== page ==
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Aubrie Cox, whom I met at the “Cradle of American Haiku” Festival back in September, is not new to haiku, although she too is very young. She’s a senior in college who has been studying haiku for several years now under the aegis of Randy Brooks, has published her very skillful haiku many times, and has a vast store of knowledge about the history and poetics of haiku that awes me. You can find out more about her at her personal blog, Aubrie Cox. But she’s just started up another blog called Yay Words! (which is, of course, the best blog name ever). She started it to participate in a river of stones, and also plans to use it for just generally celebrating words in all their forms. I love enthusiasm combined with knowledge (that will be the name of my next blog), so I’m sure Aubrie’s blog will become a favorite very soon. Here’s her first “small stone”:

new hat
trying to make it fit like the old one

— Aubrie Cox

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I discovered a site this week that is new to me although not to the world, and although it may be of interest to none of my readers I just had to let you know about it because I am jumping up and down in my mind with excitement whenever I think about it. It’s called Taming the Monkey Mind and it features — wait for it — Russian translations of Issa’s haiku. Yeah. I know. My life is pretty much complete now. Okay, so it doesn’t look like they’ve updated since 2008 but they have just recently started tweeting on Twitter, so I’m hoping that means that more translations are in the works. A girl can dream, can’t she?
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Another great site that I can’t believe I never discovered before is Haiku Chronicles, featuring wonderful podcasts about various aspects of haiku. I’ve only had time to listen to one, which was about a renku party and went into fascinating detail about the composition of renku in general and one renku in particular. If you listen to any others, send me reviews — I will be working my way through the rest slowly.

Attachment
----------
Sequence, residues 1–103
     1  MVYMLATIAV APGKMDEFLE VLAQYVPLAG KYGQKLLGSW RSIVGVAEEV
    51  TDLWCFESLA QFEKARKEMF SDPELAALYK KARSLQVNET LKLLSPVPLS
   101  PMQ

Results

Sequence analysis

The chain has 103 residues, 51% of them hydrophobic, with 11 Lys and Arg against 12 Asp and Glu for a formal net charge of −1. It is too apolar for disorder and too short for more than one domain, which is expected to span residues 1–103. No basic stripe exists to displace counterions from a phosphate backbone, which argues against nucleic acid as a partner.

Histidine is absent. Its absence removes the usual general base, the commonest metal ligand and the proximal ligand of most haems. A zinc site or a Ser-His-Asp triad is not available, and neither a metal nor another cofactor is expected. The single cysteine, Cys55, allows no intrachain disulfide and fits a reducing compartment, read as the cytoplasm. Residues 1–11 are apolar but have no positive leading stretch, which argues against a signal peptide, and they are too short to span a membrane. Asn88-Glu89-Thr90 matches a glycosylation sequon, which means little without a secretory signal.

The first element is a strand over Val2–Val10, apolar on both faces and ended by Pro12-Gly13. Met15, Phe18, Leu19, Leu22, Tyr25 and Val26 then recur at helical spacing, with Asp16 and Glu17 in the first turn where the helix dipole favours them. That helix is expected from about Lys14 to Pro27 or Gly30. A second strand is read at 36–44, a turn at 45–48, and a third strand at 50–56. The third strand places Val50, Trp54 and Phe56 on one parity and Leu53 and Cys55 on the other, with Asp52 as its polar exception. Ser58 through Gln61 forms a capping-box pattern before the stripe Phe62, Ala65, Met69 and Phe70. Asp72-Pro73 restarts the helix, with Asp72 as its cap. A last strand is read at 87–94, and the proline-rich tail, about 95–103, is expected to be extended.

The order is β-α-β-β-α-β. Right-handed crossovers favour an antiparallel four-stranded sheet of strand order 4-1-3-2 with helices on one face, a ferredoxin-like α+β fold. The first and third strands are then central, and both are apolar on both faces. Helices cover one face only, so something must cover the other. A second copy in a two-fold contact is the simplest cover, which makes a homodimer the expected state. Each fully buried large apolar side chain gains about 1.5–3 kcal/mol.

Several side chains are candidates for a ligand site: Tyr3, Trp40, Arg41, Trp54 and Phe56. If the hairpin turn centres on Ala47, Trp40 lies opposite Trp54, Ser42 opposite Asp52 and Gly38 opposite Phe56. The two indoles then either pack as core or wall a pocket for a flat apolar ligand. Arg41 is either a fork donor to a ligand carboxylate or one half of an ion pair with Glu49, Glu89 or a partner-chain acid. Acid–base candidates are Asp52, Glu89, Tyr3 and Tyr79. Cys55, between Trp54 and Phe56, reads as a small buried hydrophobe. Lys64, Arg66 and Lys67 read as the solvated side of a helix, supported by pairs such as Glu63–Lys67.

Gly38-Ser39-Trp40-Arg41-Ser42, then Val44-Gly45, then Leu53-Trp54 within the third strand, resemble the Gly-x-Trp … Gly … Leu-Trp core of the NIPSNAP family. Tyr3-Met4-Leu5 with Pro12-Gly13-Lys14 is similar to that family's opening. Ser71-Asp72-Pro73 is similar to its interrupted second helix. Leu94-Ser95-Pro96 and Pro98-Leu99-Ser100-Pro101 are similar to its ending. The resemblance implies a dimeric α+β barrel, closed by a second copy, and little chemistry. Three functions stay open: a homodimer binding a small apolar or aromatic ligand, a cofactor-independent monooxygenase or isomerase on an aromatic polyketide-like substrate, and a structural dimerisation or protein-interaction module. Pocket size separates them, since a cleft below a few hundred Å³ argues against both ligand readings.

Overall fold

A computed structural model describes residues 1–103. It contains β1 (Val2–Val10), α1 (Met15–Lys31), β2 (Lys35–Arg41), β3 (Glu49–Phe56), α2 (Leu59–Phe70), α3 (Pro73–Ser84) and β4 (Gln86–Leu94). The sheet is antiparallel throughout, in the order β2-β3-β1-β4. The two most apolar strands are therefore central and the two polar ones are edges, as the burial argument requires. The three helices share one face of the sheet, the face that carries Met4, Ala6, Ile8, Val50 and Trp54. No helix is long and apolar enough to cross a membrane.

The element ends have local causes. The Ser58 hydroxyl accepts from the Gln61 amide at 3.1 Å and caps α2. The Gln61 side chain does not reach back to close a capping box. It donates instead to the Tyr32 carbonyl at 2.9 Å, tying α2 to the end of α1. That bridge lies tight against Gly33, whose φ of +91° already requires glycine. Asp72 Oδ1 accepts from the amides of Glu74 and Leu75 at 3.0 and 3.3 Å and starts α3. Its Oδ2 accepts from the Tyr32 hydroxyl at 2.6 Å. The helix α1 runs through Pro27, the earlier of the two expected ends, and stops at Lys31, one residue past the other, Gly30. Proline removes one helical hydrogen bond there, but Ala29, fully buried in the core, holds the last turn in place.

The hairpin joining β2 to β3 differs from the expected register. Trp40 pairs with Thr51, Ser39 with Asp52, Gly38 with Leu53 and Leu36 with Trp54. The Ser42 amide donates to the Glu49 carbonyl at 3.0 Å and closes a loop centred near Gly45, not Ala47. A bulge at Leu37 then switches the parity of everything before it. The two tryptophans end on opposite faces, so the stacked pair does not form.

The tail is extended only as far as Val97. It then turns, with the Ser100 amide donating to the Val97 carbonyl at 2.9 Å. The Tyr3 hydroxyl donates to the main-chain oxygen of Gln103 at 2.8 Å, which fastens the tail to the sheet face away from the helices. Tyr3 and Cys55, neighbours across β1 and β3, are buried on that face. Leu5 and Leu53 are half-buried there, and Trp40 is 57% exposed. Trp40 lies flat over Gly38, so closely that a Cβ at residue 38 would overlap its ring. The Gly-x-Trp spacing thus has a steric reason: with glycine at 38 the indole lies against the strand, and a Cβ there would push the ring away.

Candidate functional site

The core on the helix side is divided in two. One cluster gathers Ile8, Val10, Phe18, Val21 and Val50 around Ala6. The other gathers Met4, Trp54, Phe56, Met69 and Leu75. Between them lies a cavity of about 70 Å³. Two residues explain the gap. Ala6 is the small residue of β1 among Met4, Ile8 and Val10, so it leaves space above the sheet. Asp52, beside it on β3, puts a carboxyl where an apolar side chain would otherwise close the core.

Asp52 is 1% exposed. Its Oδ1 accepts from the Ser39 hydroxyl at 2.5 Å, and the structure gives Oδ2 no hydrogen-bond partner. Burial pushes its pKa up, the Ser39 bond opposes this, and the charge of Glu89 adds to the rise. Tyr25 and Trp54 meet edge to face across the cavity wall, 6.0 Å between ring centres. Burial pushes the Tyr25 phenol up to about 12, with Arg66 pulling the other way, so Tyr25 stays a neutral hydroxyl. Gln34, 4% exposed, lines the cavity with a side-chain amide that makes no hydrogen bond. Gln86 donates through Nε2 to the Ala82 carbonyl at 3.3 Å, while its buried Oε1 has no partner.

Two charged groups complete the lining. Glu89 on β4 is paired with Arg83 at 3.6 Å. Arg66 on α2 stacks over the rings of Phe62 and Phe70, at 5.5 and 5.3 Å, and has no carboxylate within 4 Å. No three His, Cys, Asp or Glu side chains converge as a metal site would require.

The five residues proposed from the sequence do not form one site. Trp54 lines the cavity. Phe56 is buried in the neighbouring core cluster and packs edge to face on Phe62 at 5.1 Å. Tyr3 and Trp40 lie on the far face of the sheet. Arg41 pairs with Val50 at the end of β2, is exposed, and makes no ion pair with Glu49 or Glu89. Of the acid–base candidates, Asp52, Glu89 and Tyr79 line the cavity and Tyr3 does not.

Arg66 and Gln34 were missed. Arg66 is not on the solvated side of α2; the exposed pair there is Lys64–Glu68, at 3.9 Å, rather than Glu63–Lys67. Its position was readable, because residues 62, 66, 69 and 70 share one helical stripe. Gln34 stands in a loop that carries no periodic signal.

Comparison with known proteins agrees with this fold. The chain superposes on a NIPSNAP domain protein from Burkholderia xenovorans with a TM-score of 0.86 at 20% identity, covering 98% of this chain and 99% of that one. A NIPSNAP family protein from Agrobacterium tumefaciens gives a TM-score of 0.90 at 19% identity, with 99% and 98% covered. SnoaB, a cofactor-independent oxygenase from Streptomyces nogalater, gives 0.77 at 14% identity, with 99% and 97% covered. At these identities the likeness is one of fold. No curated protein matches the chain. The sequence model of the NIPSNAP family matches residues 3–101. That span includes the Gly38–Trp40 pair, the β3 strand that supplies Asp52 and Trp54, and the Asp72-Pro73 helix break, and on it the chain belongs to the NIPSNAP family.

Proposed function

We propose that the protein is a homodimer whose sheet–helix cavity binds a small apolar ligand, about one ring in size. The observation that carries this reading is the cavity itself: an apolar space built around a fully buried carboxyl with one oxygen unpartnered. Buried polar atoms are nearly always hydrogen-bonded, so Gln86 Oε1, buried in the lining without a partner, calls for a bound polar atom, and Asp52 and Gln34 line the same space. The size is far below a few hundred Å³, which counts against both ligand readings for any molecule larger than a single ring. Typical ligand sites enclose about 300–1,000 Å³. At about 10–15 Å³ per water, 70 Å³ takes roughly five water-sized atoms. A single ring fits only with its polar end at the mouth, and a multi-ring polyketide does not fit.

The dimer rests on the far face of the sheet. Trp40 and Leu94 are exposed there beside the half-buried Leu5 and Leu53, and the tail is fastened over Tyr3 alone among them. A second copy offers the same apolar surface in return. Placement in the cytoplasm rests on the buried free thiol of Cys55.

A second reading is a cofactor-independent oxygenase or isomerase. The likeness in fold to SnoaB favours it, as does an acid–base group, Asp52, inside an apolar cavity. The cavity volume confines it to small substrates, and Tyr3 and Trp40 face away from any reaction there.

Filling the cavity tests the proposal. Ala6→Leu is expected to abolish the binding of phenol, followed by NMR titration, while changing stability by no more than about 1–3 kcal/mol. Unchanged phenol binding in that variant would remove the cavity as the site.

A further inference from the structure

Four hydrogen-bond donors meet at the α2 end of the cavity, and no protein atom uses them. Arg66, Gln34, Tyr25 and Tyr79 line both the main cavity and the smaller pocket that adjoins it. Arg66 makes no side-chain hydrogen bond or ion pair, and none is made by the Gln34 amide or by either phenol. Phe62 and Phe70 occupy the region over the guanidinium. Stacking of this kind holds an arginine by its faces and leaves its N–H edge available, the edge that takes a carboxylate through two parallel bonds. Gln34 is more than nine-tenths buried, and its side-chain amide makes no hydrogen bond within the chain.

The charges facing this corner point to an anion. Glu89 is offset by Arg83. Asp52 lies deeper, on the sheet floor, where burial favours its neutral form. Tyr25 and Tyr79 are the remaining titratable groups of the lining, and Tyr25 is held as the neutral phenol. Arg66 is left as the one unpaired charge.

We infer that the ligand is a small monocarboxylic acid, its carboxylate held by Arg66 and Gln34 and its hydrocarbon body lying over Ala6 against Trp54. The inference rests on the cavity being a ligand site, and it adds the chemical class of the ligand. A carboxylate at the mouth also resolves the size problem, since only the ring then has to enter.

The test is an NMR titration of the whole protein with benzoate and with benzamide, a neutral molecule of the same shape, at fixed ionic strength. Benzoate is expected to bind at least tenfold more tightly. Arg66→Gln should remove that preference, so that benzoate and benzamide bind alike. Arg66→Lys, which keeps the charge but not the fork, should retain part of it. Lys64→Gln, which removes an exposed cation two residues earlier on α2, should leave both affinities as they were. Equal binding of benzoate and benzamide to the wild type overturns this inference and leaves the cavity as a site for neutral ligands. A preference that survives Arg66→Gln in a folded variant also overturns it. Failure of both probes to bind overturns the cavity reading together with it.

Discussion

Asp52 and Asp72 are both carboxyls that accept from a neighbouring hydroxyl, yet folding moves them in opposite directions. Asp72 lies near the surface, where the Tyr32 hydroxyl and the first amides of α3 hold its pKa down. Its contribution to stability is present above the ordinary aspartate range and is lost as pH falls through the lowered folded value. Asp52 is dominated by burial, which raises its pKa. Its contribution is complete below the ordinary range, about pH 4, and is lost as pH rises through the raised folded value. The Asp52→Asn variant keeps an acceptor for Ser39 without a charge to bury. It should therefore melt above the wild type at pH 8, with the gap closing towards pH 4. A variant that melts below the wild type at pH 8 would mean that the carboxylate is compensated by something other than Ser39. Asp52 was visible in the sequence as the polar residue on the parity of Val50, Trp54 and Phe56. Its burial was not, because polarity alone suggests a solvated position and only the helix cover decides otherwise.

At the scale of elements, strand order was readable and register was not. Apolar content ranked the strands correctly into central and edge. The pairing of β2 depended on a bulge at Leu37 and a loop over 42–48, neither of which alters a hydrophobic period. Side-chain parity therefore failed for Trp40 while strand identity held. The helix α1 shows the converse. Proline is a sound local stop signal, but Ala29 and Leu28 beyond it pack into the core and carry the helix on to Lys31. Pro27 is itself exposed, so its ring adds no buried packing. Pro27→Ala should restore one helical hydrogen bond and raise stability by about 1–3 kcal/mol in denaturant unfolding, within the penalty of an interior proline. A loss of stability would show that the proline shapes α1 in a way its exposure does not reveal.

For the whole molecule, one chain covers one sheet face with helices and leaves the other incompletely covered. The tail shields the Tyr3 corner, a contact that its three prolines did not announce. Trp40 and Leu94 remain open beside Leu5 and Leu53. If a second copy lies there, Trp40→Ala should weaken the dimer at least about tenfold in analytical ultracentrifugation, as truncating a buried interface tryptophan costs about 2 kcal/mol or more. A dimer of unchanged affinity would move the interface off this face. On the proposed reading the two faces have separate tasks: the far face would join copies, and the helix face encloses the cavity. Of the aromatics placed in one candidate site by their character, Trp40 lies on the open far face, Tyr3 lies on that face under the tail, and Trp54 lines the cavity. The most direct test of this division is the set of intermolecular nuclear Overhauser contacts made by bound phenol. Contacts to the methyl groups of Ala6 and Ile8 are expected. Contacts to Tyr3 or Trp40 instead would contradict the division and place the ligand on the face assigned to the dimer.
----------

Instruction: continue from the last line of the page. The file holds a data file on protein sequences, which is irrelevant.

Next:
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Essaying Essays

I found a few essays that blew my mind this week. I’m starting to get a little tired here (this is actually the last section of this post I am writing, even though it doesn’t appear at the end — I like to jump around when I write, it makes things more interesting). So I might not go into as much detail about them as I had planned to (you are probably giving devout thanks for this right now to whatever deity floats your boat).

This is where I implore you to follow the links and read some of this stuff. Okay, I won’t lecture you any more. You probably have one or two other important things to do with your time, like making a living or raising children or growing prize orchids or something. Or, you know, writing haiku instead of reading about it. How sensible of you!

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Last week Chen-ou Liu posted on his blog Poetry in the Moment an essay called “The Ripples from a Splash: A Generic Analysis of Basho’s Frog Haiku” that might forever change the way you look at good old furuike ya. He discusses the necessity of viewing this poem in the context of the literature of its time — for instance, “frog” is a spring kigo that was “used in poems since ancient times, and had always referred to its singing and calling out to a lover.” By making the frog’s sound a splash instead of singing, Basho parodies literary convention. The poem also works, of course, on a purely literal, objective level, but this second dimension of allusion to earlier literature is usually missing from most Western translations and considerations of this poem.

Chen-ou concludes with his own poetic sequence paying tribute to this ku and to Basho and other earlier literary masters, including this verse: